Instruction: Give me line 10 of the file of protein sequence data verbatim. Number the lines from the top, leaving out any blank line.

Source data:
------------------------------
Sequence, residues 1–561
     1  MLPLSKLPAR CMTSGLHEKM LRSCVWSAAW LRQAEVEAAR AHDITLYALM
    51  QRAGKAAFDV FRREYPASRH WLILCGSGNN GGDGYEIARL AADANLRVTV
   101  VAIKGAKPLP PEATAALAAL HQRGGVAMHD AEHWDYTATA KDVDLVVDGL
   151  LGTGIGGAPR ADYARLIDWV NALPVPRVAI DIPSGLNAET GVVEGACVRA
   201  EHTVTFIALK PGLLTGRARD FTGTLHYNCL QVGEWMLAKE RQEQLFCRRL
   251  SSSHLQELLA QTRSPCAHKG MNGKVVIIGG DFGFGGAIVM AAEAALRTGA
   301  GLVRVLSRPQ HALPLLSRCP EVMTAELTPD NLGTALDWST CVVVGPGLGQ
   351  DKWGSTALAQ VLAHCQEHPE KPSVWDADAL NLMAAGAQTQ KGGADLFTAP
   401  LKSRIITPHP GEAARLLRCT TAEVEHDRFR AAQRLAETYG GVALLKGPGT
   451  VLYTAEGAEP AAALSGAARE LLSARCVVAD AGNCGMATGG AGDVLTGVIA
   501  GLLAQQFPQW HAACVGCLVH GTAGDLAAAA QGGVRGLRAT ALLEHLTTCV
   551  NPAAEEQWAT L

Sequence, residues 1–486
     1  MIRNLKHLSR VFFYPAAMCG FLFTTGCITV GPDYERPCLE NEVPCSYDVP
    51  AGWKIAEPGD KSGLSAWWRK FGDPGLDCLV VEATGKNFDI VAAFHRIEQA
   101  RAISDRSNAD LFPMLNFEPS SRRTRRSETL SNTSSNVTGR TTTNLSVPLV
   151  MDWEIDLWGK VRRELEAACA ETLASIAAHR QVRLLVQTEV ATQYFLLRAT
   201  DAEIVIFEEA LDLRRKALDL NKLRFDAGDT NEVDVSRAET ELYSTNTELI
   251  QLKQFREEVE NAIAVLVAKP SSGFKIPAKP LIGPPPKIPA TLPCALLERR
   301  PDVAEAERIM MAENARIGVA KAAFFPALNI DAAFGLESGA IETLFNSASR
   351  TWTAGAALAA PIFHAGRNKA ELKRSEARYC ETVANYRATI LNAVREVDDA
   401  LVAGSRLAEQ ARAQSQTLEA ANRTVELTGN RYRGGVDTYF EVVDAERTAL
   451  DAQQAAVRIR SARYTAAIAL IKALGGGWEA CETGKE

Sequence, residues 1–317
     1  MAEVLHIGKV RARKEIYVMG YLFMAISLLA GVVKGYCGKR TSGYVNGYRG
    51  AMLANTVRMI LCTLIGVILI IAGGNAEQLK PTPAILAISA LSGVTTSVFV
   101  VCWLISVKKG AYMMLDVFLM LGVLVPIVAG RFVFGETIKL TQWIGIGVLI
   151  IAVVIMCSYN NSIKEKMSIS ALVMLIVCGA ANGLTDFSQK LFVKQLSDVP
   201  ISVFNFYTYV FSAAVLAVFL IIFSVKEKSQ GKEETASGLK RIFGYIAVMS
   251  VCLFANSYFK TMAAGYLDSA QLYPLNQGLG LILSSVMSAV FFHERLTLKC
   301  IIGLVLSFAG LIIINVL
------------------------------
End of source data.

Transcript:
   401  LKSRIITPHP GEAARLLRCT TAEVEHDRFR AAQRLAETYG GVALLKGPGT